Efficacy of a brief intervention targeting a low responder profile in preschoolers with autism spectrum disorder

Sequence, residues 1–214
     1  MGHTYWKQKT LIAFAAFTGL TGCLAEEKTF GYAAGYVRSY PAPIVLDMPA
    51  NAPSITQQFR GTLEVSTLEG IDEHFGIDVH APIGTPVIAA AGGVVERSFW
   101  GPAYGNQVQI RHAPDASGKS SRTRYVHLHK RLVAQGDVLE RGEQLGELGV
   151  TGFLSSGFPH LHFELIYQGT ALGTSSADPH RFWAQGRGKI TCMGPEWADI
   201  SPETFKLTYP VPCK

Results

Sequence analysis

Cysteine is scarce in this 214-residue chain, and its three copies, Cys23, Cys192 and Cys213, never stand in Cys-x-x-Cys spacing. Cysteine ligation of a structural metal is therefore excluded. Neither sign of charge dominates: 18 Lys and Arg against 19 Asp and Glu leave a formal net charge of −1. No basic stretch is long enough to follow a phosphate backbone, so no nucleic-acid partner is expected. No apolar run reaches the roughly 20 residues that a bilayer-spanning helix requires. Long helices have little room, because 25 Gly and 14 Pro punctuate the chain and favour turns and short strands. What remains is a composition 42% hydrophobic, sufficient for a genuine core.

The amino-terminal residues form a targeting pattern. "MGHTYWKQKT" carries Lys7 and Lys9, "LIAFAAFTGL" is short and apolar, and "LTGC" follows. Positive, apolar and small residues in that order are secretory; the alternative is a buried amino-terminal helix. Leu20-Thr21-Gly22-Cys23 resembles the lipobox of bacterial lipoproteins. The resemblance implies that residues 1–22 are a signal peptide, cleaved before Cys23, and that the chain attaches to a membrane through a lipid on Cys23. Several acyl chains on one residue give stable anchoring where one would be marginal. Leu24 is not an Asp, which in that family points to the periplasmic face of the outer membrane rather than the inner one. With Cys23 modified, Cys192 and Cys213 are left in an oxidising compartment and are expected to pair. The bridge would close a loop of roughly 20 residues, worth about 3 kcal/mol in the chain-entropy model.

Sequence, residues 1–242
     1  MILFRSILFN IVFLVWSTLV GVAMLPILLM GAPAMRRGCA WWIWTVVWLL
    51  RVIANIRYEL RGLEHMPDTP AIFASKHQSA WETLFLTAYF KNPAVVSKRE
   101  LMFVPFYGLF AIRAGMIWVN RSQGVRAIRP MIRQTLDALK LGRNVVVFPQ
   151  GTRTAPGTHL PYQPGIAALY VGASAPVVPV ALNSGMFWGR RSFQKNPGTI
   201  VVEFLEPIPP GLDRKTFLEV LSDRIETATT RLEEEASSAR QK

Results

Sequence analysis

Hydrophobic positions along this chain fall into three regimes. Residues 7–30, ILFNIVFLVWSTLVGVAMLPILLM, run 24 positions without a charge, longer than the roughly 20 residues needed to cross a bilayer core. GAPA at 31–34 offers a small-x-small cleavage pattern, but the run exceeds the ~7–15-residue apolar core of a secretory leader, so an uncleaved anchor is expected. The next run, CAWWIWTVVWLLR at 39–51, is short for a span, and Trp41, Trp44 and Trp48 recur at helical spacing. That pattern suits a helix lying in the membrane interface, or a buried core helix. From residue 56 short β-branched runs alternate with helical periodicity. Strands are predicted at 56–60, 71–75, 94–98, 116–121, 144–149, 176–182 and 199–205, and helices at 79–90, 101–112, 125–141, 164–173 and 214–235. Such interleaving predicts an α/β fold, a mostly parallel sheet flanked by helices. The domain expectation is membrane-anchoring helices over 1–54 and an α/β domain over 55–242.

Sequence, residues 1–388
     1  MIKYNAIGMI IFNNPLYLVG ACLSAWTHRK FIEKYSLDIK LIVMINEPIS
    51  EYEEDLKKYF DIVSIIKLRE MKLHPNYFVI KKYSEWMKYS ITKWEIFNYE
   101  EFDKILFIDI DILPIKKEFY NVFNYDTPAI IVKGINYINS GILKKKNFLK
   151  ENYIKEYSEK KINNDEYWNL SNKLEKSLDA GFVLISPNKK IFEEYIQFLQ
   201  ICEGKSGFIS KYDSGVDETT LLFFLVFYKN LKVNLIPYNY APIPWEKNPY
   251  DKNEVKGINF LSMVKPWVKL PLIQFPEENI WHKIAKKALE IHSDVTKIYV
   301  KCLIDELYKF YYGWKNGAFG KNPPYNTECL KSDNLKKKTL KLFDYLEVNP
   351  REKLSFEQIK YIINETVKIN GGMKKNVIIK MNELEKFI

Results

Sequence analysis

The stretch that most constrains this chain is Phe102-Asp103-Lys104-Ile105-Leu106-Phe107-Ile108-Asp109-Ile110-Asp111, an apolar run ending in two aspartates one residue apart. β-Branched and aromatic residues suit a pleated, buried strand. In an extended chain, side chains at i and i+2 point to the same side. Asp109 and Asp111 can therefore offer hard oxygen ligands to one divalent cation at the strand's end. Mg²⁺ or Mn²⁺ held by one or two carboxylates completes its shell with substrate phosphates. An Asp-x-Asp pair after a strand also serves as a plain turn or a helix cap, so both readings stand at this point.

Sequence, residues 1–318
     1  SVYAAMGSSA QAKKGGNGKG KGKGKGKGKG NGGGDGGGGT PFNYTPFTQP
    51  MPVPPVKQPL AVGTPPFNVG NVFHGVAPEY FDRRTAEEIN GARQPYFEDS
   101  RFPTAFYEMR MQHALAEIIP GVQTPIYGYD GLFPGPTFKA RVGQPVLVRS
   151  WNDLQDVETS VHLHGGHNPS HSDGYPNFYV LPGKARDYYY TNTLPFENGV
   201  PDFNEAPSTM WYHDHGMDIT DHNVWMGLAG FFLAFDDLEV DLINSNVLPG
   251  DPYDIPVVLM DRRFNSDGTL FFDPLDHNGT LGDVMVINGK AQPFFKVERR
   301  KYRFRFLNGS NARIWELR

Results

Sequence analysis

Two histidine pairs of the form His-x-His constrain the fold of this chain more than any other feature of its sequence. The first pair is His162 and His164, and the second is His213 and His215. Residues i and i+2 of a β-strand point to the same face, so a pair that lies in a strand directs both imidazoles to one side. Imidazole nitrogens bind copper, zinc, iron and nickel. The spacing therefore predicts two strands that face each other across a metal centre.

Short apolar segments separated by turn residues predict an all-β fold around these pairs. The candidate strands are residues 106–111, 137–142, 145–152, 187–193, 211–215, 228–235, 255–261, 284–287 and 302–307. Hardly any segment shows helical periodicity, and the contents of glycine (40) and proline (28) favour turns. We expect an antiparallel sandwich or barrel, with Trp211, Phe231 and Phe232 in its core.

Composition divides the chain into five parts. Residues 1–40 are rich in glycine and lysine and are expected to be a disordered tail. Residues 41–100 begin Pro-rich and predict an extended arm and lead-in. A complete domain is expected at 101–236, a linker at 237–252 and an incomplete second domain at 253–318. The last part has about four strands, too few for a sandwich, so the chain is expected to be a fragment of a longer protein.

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Background: Autism spectrum disorder (ASD) is characterized by impaired social communication, and repetitive behavior and restricted interests. The need for effective service delivery models is urgent, as rates of ASD diagnosis continue to be high (Ofner et al., 2018). However, heterogeneity of symptom severity and functional impact makes effective treatment for all preschoolers difficult. Individual-level data from Nova Scotia’s early intervention program based on Pivotal Response Treatment (PRT; Bryson et al., 2007) show that some children make minimal treatment gains (Smith, Flanagan, Garon, & Bryson, 2015). These “low responders” have a distinct behavioral profile that includes low levels of toy contact and positive affect (Fossum, Williams, Garon, Bryson, & Smith, 2018)—potentially modifiable variables. Objective: The study aim was to generate efficacy data for a brief therapist- and parent-implemented intervention targeting these skills that low responders lack, the Pivotal Response Intervention-Minimal Responder (PRIMeR) Intervention. Methods: Four preschoolers with ASD (aged 3.5–4.5 years) participated in this single case experimental design study. The 12-week intervention, using Reciprocal Imitation Training (Ingersoll, 2010) to target toy play, and responsiveness training (Landry, Smith, & Swank, 2006) to boost shared positive affect, was delivered in each child’s natural environment, at 2–3 hours per week, plus a one-month follow-up. Parents were coached in responsiveness intervention strategies. Results: An intervention effect was obtained for shared positive affect, variety of functional play actions, and variety of functional play objects, but not frequency of functional play. This study provides initial support for the efficacy of this partially parent-mediated naturalistic and developmental treatment package in shifting preschoolers’ low responder profiles by boosting skills in areas that are theoretically important for optimal response to PRT-based programs such as NS EIBI. Conclusions/Importance: The current intervention remediates behavioral deficits associated with poor progress in treatment. Individualization of children’s programming within PRT, by including PRIMeR, may optimize children’s progress and thereby produce positive outcomes for a wider range of children.